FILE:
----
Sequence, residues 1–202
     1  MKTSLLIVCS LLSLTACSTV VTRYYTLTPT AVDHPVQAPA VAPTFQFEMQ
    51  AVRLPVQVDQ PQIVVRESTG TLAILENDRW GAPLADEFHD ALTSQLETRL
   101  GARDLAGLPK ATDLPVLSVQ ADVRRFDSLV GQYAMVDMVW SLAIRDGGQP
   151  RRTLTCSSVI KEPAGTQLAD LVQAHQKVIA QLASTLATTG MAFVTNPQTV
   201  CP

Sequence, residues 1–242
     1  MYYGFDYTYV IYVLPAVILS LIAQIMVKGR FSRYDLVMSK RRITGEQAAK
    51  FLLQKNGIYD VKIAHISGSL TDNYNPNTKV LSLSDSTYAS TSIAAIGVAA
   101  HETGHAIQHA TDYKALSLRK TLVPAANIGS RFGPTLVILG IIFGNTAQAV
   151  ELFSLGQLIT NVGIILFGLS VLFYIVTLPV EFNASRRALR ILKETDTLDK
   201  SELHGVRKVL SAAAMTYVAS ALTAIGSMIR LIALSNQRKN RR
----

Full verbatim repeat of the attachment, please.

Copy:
Sequence, residues 1–202
     1  MKTSLLIVCS LLSLTACSTV VTRYYTLTPT AVDHPVQAPA VAPTFQFEMQ
    51  AVRLPVQVDQ PQIVVRESTG TLAILENDRW GAPLADEFHD ALTSQLETRL
   101  GARDLAGLPK ATDLPVLSVQ ADVRRFDSLV GQYAMVDMVW SLAIRDGGQP
   151  RRTLTCSSVI KEPAGTQLAD LVQAHQKVIA QLASTLATTG MAFVTNPQTV
   201  CP

Sequence, residues 1–242
     1  MYYGFDYTYV IYVLPAVILS LIAQIMVKGR FSRYDLVMSK RRITGEQAAK
    51  FLLQKNGIYD VKIAHISGSL TDNYNPNTKV LSLSDSTYAS TSIAAIGVAA
   101  HETGHAIQHA TDYKALSLRK TLVPAANIGS RFGPTLVILG IIFGNTAQAV
   151  ELFSLGQLIT NVGIILFGLS VLFYIVTLPV EFNASRRALR ILKETDTLDK
   201  SELHGVRKVL SAAAMTYVAS ALTAIGSMIR LIALSNQRKN RR